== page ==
Truck Blockades Over ‘Green’ Tax Wreak Havoc on Danish Roads

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green tax, road tax, danish state finances, truck blockades, green conversion

green tax, road tax, danish state finances, truck blockades, green conversion

While the Danish state has framed the new road tax as a way of hastening the so-called green conversion, critics, ranging from truckers themselves to opposition parties, see it as a ploy of the cash-strapped government to earn some extra money.

A wave of protests against the government’s plans to introduce a “green” road tax has swept Denmark, with trucks blocking roads across the Nordic country.

The planned tax will see heavy trucks running on diesel or petrol charged a “green” tax on a per-kilometre basis.

Despite the fact that the planned demonstration was formally canceled at the end of last week, a significant number of drivers decided to go ahead with the plans to set up blockades on roads nonetheless, which led to dozens of charges.

Some of the country’s most important roads, including those leading from the border with Germany on the Jutland Peninsula and those in the capital area, were affected. A number of trucks even appeared near the walls of the Christianborg Palace, the former home of kings and queens which now houses the Danish Parliament and the Supreme Court.

While the blockades can appear and disband at short notice, the demonstrations were in breach of Danish traffic laws, the police said in a statement, adding that the protests “cause danger of considerable disruption of public order.” In total, Monday’s protests led to 55 charges and 114 injunctions.

Erik Ostergaard of the Danish truck drivers’ union DTL said the union didn’t support illegal protests, but argued that there was understanding among the public regarding drivers’ opposition to the kilometer-based tax.

“Everyone has realised this has nothing to do with the green conversion. This is about the state earning some extra cash,” he told Danish media.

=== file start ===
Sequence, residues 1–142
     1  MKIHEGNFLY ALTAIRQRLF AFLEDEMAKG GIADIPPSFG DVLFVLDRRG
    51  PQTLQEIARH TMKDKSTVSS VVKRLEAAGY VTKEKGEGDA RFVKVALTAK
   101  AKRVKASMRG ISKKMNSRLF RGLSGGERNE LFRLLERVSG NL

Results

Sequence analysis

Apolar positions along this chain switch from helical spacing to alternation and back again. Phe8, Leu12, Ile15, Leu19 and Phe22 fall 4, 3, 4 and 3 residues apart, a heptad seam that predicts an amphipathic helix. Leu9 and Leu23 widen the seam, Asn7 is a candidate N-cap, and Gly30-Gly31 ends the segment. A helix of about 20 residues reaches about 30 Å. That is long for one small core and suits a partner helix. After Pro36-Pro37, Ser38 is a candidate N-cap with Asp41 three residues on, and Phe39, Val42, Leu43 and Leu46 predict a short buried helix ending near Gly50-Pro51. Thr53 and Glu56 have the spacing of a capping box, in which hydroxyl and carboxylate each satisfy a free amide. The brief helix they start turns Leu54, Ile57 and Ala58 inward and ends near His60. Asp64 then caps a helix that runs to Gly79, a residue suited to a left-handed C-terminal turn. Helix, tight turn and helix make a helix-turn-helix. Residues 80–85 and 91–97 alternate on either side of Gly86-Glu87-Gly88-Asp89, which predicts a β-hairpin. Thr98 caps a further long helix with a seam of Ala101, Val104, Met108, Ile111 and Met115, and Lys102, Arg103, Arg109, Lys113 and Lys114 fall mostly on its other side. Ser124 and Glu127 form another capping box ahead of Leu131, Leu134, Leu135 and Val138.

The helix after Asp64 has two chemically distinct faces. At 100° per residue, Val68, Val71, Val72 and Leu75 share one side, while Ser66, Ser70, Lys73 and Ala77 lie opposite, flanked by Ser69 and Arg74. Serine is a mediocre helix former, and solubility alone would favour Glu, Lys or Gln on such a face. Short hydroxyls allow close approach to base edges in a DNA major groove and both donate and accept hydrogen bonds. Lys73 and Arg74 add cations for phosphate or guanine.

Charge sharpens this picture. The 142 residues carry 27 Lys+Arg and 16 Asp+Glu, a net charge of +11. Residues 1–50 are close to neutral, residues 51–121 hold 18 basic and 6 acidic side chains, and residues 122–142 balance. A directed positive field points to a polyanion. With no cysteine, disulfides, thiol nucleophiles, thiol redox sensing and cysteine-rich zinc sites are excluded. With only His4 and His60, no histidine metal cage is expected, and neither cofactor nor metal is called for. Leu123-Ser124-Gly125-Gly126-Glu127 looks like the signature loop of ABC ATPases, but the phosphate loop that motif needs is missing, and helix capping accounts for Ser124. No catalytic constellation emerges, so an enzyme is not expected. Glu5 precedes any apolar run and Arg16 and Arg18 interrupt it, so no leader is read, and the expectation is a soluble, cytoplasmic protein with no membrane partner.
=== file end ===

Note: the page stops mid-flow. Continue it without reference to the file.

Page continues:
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By contrast, labor market researcher Laust Hogedahl from Aalborg University stressed that the protests were “not a normal sight” in Denmark and went so far as to call them “un-Danish,” venturing that they may cost the movement public support. He stressed that the Danish way implies the protection of the collective interest, and activities such as lobbying rather than individual action. Bent Greve of Roskille Univeristy stressed that “there is no tradition in Denmark of bending to demonstrations.”

The deal to introduce the green tax was struck last year by a parliamentary majority which at that time included the single-party government led by the Social Democrats, as well as their left-wing allies. While since then the government has expanded to incorporate the fiscally more conservative Liberals and Moderates, it intends to proceed with the green tax as planned to reach the climate goals. Tax Minister Jeppe Bruus assured that while the government is “listening a lot to the criticism and concerns that have been expressed,” it is “not going to withdraw the proposal.”

However, Pernille Vermund, the leader of the opposition New Right, stressed that the switch to electric trucks is unrealistic at the moment.

“This has nothing to do with the green transition. This is why the truckers are protesting. They want to impose a tax on them at a time when there is no possibility for them to run on either hydrogen or electricity,” Vermund told Danish media.

A meeting between DTL representatives, Transport Minister Thomas Danielson and Tax Minister Jeppe Bruus to discuss the planned tax and the demonstrations has been negotiated.

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The kilometre-based tax will be charged on heavy goods vehicles from 2025 at a rate of DKK 1.30 ($0.19) per kilometer. The formal purpose of the tax is to pressure the heavy traffic into a green transition in a bid for Denmark to reach the climate target of a 70 percent reduction in carbon dioxide emissions by 2030.

In yet another unpopular move, the Danish government recently abolished the centuries-old Christian holiday called Great Prayer Day, ostensibly to replenish the state finances that are running dry.





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